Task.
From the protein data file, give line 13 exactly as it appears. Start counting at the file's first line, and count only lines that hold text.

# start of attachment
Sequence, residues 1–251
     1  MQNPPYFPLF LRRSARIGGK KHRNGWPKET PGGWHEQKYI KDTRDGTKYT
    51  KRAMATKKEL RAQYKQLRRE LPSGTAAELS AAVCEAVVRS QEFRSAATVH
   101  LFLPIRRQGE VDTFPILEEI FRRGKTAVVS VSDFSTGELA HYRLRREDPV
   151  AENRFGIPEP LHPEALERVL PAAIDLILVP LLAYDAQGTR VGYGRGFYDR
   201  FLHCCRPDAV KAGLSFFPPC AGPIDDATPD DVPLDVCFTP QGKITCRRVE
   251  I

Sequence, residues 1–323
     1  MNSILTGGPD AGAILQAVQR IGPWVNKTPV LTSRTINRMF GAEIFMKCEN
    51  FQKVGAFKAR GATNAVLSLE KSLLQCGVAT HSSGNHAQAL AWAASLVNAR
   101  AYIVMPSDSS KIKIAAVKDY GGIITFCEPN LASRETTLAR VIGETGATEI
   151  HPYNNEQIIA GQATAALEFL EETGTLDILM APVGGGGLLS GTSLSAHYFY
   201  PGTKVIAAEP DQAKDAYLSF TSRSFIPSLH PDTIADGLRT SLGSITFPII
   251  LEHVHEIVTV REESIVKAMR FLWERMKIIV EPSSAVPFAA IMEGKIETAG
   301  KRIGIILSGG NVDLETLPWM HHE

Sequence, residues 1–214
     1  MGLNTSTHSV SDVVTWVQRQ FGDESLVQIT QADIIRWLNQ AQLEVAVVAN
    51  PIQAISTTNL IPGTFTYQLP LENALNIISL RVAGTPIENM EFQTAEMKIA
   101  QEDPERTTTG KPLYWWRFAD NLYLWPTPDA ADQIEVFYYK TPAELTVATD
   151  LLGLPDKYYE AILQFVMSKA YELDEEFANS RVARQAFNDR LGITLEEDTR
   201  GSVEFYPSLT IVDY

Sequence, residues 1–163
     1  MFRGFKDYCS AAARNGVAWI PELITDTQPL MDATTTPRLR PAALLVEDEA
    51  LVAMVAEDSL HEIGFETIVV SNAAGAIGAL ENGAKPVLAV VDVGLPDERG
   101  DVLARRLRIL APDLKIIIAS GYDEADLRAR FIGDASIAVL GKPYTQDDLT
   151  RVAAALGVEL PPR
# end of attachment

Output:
   201  PGTKVIAAEP DQAKDAYLSF TSRSFIPSLH PDTIADGLRT SLGSITFPII